F1 – Azerbaijan GP – Qualifying

Salam, MiniFans! We left a street circuit to come straight into another one. We’ve landed in Baku, home of the Azerbaijan GP, a track that mixes an insanely long straight and very tricky corners that turned last year into a nail biting finale.

Yellow flags started to be shown early into the session, but nothing that is unusual in a track of these characteristics, and it was soon green flagged again. The Red Bulls were the first cars to set the pace, with Verstappen leading over Pérez and only Leclerc being able to breathe down the Mexican’s neck. At least until Ferrari woke up and started to pull insanely fast laps as well.

At the back, the usual suspects were the ones occupying most of the danger zone positions, but the surprising one out of it was Zhou, who was the best of the rest, up in fifth. One more scare came courtesy of Stroll, who couldn’t brake in time, and impacted the tecpro barriers. It all seemed fine until he crashed again, this time leaving his front wing on the track and prompting a red flag as his teammate settled in front of Zhou by half a second, inheriting the best midfield car title.

With less than two and a half minutes to go, cars made a train out of the pitlane. Everyone managed to make it to the finish line before the checkered flag was waved, but it was clear that very few clean laps would be done. The biggest change came courtesy of Bottas, who made it through and doomed Magnussen. The eliminated drivers in Q1 were Magnussen (P16), Albon (P17), Latifi (P18), Stroll (P19) and Schumacher (P20).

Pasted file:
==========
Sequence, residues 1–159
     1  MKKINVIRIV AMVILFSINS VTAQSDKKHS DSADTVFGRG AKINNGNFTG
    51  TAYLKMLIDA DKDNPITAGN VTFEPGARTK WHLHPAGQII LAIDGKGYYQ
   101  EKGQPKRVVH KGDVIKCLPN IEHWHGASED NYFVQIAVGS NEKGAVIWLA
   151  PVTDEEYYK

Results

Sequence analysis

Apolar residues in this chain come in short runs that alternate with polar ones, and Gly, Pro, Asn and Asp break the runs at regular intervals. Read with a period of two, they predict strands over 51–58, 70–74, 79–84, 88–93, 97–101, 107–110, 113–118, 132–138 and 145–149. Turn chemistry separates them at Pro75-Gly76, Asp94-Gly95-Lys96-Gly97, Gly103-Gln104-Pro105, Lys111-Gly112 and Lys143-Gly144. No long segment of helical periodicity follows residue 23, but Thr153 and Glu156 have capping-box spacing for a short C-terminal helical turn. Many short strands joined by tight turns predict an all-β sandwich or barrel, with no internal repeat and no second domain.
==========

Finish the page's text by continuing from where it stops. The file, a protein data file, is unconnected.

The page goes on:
Q2 started for Ferrari with old soft tyres, trying to save one of the fresh sets for Sunday, but it still was enough for them to push Red Bull out of the first two places. On the opposite side, halfway through the session, Alfa Romeo had yet to set a lap, when Vettel crashed. Luckily, he could make it out with his car and Q2 wasn’t stopped. The eliminated drivers in Q2 were Norris (P11), Ricciardo (P12), Ocon (P13), Zhou (P14) and Bottas (P15).

Q3 started in a calmer way, with cars having enough space to do fully clean laps. In the first run, Ferrari settled on top, with Sainz barely edging Leclerc out of first place. Red Bull, in their attempt to get past, saw Pérez touching the walls, luckily without serious consequence. However, the second stint saw the Spaniard dropping three places, to his teammate and both Red Bulls, while his good friend, Alonso, couldn’t climb up from 10th.

Baku has been home to surprise wins and podiums, but not so much pole positions. It seemed as if this year would be the one, with Sainz having snatched first place halfway through, but Leclerc and Red Bull burst his little bubble of happiness, relegating him fourth. However, there’s no doubt that this only fuels the Spaniard, who keeps looking for his first pole position and victory in F1.